• Health officials in Northern Ireland have urged people to keep coming forward for their Covid–19 vaccine. It comes after the Joint Committee on Vaccine Immunisation (JCVI) said under–40s were to be offered an alternative to the AstraZeneca jab.
• Covid–19 was mentioned on the death certificates of eight people in Northern Ireland up to Friday 30 April. That’s an increase of one on the previous week, according to the Northern Ireland Statistics and Research Agency (Nisra).
• Seven cases of the Indian variant of Covid–19 have been detected in Northern Ireland. It is the first time it has been confirmed in the country but three cases were detected in the Republic of Ireland last month.
• Health Minister Robin Swann has asked his Irish counterpart for a meeting to discuss the potential spread of Covid–19 from cross–border travel. He wrote to Stephen Donnelly on Wednesday to make the request. The letter states that both governments should be doing “all we can to prevent non–essential cross–border travel”, and “clear messaging” and enforcement should be used, if required.
• Brexit and the Irish Sea border are still causing difficulties for Northern Ireland manufacturers who buy materials and parts from Great Britain, an industry survey has suggested. It found that Great Britain suppliers’ unpreparedness or unwillingness to adopt Brexit regulations are the largest issues firms currently face. Most companies believe the NI Protocol is here to stay, but needs improved.
• Agriculture Minister Edwin Poots has threatened legal action over the post–Brexit trade arrangements for Northern Ireland. On Tuesday he said that a senior barrister has been instructed to examine the Northern Ireland Protocol.
• There are three candidates in the running to be Democratic Unionist Party (DUP) deputy leader. They are East Londonderry MP Gregory Campbell and MLAs Paul Frew, of North Antrim, and Paula Bradley, of North Belfast. The deputy leader post became vacant after Lord Dodds announced on Tuesday that he would not bid to remain in the post.
• The number of people on furlough in Northern Ireland fell to 99,400 by 31 March 2021, according to the Treasury. This is down from 108,600 at the end of February. The provisional figures indicate that more women are furloughed than men. The Treasury said the figures show that levels of furlough decreased more significantly across the UK in March 2021.
• Every adult in Northern Ireland will be eligible for a £100 voucher to spend on the high street, Economy Minister Diane Dodds has announced.
• Deputy Chief Medical Officer Dr Ronan Glynn has today described the overall situation was “stable but uncertain”. He said that while deaths and hospitalisations were down, and the impact of vaccines was being felt, people still needed to be on their guard as restrictions are eased next week.
• The head of the Health Service Executive has said the country is “at the point of strong momentum” with between 220,000 and 240,000 doses of Covid–19 vaccines being administered this week alone. Paul Reid said that 46,000 vaccines were administered yesterday but cautioned against slipping back on any gains as just over one in three people have been vaccinated with their first dose and one in eight having had both doses.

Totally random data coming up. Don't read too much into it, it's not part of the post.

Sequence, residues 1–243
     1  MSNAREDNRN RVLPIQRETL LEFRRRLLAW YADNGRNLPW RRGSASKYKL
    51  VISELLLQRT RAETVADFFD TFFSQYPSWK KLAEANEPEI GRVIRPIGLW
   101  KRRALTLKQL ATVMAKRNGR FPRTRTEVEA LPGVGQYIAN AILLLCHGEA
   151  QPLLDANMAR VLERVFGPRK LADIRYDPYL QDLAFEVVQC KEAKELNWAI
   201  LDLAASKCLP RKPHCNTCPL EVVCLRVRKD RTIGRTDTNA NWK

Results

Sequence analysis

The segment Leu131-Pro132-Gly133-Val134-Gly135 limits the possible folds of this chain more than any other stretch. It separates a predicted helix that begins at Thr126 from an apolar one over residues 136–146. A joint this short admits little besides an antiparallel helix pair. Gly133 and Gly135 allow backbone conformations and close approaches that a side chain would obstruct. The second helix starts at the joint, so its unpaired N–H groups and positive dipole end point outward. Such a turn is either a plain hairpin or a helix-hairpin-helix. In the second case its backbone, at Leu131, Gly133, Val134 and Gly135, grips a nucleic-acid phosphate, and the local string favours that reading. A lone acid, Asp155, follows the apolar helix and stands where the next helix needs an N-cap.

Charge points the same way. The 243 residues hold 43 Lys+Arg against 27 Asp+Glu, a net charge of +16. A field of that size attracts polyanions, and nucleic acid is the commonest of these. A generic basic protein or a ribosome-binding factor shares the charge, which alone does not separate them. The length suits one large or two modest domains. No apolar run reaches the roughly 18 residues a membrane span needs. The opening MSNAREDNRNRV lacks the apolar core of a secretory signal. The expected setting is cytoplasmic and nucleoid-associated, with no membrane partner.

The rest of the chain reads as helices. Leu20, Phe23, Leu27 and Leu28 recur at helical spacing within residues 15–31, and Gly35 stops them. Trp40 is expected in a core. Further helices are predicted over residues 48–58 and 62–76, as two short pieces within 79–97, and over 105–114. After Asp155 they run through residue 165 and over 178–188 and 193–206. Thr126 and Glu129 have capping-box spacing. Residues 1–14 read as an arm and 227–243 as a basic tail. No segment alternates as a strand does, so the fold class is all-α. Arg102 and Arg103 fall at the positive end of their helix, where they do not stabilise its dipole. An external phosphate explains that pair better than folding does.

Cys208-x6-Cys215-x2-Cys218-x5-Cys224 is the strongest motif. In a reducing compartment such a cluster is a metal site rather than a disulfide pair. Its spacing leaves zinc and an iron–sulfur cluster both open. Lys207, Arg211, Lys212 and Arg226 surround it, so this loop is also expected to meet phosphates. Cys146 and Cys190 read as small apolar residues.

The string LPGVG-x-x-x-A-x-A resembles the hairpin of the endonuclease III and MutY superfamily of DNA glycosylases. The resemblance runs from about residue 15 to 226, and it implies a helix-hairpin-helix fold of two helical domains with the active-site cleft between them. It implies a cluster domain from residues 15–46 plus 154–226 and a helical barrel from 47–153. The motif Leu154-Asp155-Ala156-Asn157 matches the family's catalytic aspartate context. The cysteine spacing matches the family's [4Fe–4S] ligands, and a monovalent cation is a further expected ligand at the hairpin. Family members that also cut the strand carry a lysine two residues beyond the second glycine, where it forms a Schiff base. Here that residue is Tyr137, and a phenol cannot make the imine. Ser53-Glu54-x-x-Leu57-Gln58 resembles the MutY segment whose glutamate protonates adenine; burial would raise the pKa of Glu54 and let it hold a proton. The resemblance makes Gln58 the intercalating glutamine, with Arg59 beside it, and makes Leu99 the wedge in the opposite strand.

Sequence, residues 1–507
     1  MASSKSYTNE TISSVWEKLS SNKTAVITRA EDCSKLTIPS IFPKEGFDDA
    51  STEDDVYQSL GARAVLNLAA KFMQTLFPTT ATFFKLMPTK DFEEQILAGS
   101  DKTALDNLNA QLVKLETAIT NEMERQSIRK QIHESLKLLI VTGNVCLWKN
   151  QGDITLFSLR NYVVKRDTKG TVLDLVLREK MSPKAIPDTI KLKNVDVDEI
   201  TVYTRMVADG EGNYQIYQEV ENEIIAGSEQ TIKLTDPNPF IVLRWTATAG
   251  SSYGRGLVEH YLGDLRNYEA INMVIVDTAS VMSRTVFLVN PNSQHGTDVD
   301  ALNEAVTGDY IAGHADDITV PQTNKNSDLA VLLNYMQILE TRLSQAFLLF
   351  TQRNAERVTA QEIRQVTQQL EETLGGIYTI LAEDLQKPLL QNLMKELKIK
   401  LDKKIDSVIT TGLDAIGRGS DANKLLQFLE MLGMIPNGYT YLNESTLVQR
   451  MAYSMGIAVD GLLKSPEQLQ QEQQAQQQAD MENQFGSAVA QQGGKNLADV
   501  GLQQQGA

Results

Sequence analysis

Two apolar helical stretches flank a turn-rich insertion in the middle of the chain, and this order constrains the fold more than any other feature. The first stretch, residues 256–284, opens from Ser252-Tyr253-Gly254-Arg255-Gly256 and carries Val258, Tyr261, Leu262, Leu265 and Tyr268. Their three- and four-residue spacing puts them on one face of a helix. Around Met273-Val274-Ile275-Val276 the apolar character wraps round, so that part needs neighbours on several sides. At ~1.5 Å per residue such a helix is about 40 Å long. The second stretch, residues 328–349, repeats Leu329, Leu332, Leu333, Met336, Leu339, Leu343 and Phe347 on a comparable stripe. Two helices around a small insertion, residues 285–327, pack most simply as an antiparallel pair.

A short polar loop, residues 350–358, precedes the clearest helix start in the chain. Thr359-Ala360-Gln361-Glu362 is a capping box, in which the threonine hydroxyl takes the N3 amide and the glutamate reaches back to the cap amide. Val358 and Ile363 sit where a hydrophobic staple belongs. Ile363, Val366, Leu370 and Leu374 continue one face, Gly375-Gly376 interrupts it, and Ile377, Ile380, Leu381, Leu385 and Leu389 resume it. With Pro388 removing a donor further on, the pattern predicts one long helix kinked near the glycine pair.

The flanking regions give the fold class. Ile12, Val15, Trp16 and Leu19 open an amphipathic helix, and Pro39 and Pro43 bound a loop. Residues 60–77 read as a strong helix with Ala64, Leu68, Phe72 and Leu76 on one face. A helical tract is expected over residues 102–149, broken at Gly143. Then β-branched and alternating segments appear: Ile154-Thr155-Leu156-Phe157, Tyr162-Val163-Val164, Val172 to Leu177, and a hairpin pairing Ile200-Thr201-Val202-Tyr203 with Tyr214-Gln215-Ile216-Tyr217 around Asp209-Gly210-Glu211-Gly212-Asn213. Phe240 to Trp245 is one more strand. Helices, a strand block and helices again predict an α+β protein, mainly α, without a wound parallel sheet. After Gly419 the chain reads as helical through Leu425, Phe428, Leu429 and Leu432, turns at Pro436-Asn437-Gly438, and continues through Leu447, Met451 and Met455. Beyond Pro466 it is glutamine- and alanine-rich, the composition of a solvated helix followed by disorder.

• The number of new dwellings completed in the first three months of this year is sharply down, according to the latest figures from the Central Statistics Office. The overall number of new dwellings is down by just over 20% compared to the same period last year.
• New figures from the Central Statistics Office show that the Covid–19 crisis continues to have a significant impact on the labour market here in April. The CSO said that the standard measure of Monthly Unemployment stood at 5.8% in April. But it added that its Covid–19 Adjusted Measure of Unemployment indicates a jobless rate as high as 22.4% if all claimants of the Pandemic Unemployment Payment (PUP) were classified as unemployed.
• Household net worth reached a record high of €855bn in the final quarter of last year due to an increase in deposits and savings, according to new data from the Central Bank.
• Micheál Martin has said that Ireland would be part of the EU programme on travel and will restore connectivity as soon as it is safe to do so. He said this was crucial for aviation and tourism.
• Travel agents have told an Oireachtas committee they need clarity as to when they can restart trading, with a safe reopening of international corporate and leisure travel.
• Lynne Embleton, the newly appointed chief executive of Aer Lingus, has said the company is burning cash and will not get through the pandemic without jobs being impacted.
• The European Commission has rejected a UK compromise proposal on the Northern Ireland Protocol that would require the EU to take a more flexible approach to the issue of food safety and animal health.
• €5m is to be made available to help businesses upgrade their websites to boost opportunities in online retail. The latest round of the Covid–19 Online Retail Scheme is open to applications from Tuesday.